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Egypt & Morocco Ban Ridley Scott’s ‘Exodus: Gods and Kings’ for Historical Inaccuracies

Egypt & Morocco Ban Ridley Scott's 'Exodus: Gods and Kings' for Historical Inaccuracies

Maybe a small victory of sorts, for the many who’ve protested the film’s inaccuracies – notably its character depictions rooted in the director’s casting choices …

According to several Egyptian and Moroccan press outlets I read this morning, both countries have banned local cinemas from showing Ridley Scott’s biblical epic movie “Exodus: Gods and Kings” – this happening a day before the Hollywood blockbuster was due to be released in each.

The managers of the Renaissance cinema in Rabat (Morocco) said they were told the ban was nationwide, reported TelQuel magazine, the French-Language weekly Moroccan paper.

Meanwhile, Egyptian censorship board head Abdul Sattar Fathy said, in a released statement (courtesy of Egyptian news portal, Mobtada), that the ban was not just about religion. “It contains historical fallacies,” he said, adding that the movie depicts Moses as if he were a general in an army, instead of a prophet (Moses is considered a prophet in Islam, and conservative Islamic traditions find depictions of prophets in all works of art offensive).

Key, among the many inaccuracies he sites, is the depiction of Jewish slaves as being the builders of the Great Sphinx and Pyramids of Egypt, when the historical monuments are widely accepted to have been built around 2540 B.C., roughly 500 years before biblical tradition establishes the existence of Abraham, who is considered the biological progenitor of the Jews, and the father of Judaism – essentially the first.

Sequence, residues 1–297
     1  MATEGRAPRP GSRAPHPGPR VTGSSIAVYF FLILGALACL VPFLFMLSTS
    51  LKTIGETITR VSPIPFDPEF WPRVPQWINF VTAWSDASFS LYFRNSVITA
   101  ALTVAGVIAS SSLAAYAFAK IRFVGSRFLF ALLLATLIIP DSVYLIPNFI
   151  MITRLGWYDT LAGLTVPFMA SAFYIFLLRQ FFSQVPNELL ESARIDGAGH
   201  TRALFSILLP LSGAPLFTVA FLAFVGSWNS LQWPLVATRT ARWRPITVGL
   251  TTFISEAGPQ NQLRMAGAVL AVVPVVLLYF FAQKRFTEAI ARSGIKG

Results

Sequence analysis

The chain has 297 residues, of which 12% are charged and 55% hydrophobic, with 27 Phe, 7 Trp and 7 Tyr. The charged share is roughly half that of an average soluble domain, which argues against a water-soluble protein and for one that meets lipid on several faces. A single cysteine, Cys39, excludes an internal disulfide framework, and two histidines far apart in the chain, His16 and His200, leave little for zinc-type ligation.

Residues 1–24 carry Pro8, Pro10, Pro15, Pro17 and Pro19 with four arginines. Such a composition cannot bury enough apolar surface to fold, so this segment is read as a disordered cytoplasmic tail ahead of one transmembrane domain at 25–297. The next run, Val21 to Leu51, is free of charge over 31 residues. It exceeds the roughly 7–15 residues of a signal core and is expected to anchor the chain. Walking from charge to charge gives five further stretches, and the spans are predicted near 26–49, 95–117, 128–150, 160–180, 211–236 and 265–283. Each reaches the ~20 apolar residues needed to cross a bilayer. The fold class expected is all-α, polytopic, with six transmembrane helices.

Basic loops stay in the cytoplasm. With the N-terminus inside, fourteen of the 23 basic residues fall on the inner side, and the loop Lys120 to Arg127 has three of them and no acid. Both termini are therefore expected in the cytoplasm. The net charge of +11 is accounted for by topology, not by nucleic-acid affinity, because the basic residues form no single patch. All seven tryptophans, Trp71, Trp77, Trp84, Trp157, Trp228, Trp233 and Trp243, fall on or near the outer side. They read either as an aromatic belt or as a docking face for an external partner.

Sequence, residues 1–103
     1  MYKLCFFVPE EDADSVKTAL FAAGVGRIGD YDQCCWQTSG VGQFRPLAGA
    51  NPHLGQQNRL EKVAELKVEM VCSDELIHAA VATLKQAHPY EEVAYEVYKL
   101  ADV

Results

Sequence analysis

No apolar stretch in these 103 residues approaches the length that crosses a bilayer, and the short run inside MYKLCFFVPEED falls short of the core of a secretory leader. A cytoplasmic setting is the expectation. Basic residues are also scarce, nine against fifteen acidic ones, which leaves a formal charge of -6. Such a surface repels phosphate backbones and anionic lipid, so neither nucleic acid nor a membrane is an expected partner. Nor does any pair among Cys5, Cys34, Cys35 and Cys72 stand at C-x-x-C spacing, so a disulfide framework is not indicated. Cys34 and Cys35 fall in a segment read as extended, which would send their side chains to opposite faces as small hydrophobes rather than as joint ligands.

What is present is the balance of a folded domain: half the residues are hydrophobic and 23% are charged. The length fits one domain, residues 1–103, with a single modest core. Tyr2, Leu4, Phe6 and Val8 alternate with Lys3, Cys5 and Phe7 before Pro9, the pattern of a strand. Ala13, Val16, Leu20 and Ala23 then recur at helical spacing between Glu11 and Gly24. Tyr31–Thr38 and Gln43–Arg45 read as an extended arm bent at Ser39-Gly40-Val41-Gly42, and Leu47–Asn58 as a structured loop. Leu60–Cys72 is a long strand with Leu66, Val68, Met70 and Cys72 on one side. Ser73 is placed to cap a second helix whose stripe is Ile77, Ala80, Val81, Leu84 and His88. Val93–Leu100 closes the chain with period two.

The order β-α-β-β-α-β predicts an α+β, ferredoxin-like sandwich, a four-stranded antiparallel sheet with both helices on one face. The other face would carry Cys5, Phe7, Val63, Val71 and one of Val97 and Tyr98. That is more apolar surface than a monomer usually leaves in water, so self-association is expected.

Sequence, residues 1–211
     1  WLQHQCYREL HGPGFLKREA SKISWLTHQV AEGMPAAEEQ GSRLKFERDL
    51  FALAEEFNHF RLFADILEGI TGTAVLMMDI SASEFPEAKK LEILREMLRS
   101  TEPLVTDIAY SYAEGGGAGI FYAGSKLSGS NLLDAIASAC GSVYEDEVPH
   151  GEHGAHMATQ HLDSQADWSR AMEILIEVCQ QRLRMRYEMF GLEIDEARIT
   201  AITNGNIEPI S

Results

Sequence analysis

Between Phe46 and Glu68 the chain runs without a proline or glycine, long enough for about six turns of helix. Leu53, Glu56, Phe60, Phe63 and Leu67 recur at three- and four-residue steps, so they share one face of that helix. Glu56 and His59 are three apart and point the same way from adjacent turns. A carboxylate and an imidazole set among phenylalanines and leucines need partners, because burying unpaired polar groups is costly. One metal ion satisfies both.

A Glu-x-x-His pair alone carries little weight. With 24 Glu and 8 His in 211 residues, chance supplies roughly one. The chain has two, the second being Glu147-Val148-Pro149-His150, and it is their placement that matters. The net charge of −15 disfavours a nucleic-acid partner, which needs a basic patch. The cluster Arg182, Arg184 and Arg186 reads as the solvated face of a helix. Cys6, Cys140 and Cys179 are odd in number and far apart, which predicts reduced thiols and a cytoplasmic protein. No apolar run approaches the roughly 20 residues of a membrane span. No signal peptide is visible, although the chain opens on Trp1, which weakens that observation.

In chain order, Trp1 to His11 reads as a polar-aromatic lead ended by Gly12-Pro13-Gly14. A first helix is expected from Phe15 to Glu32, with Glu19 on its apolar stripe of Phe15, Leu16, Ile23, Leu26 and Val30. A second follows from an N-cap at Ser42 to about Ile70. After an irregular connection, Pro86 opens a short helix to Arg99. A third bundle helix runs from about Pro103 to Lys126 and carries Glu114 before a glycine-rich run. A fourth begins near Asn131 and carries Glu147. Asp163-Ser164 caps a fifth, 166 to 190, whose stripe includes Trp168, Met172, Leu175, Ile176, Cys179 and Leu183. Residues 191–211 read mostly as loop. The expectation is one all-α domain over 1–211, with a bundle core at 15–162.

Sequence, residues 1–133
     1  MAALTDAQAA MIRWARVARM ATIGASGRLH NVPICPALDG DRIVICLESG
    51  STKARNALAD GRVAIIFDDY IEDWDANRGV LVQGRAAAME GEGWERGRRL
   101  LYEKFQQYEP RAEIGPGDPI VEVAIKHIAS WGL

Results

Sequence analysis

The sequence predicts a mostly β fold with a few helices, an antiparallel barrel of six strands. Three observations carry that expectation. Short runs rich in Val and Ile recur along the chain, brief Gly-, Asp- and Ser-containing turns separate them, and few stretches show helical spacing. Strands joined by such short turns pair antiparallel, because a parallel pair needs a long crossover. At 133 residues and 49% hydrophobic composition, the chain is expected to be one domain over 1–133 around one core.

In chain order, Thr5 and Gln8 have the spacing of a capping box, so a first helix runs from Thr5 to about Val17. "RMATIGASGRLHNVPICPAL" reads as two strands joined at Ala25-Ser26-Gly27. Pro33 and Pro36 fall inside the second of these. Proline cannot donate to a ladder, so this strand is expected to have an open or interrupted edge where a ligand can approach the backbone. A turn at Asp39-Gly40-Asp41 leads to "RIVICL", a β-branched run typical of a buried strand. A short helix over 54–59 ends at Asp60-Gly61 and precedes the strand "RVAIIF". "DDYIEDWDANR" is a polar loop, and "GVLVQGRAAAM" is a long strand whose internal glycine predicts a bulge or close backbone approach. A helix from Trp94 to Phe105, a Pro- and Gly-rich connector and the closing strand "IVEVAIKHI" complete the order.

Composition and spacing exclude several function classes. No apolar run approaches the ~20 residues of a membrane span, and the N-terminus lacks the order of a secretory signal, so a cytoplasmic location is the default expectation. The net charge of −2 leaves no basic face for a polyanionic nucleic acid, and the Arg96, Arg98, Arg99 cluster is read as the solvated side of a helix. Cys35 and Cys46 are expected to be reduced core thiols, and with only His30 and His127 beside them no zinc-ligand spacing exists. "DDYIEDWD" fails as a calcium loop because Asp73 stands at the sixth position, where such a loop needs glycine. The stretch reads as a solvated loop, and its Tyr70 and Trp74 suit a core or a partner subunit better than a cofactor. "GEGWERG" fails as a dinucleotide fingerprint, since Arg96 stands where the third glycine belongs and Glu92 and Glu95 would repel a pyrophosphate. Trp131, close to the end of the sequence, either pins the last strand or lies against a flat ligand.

As covered previously on this blog, the film had already stirred up controversy here in the USA for its “whitewashing” of the characters and story, employing white western actors to depict Middle Eastern and North African historical characters.

Rupert Murdoch, CEO of “Exodus” distributor 21st Century Fox, tweeted last month: “Moses film attacked on Twitter for all white cast. Since when are Egyptians not white? All I know are.” And as you’d expect, reaction to his comment was widely rejected and criticized, not just here in the USA, but across the globe, helping to foster the Twitter hashtag #boycottexodusmovie.

And in a Q&A with Yahoo, published in August, director Ridley Scott dismissed the criticism, saying that he did in fact take into account race depictions when casting the film, stating: “We cast major actors from different ethnicities to reflect this diversity of culture, from Iranians to Spaniards to Arabs. There are many different theories about the ethnicity of the Egyptian people, and we had a lot of discussions about how to best represent the culture.”

Needless to say, his explanation didn’t go over well either, and was met with even more criticism, fueling the #boycott movement.

Whether or not the boycott had any effect on the film’s domestic box office hasn’t yet entirely been determined; but we do know that, at a reported budget of $140 million (not including marketing costs), it’s made only $42 million of that back, after 2 weeks in release, and doesn’t look like it’ll make much more than that, given how significant the first week or 2 of a film’s release is to overall box office. It’s opening fell well short of other recent Hollywood-backed Biblical films.

It was also reviewed poorly by critics, earning a very weak 29% rating via movie review aggregator site Rotten Tomatoes, with the overall critical consensus stating that the film “can’t quite live up to its classic source material.”

Outside the USA, it’s earned about $61 million – certainly, none of that coming from Egypt or Morocco. Let’s see if any other countries follow suit, and ban the film as well; or, at least, limit its reach, even if only due to public protest. 

It’s worth noting that, earlier this year, the Egyptian censorship board also banned Darren Aronofsky’s “Noah” for similar reasons. 

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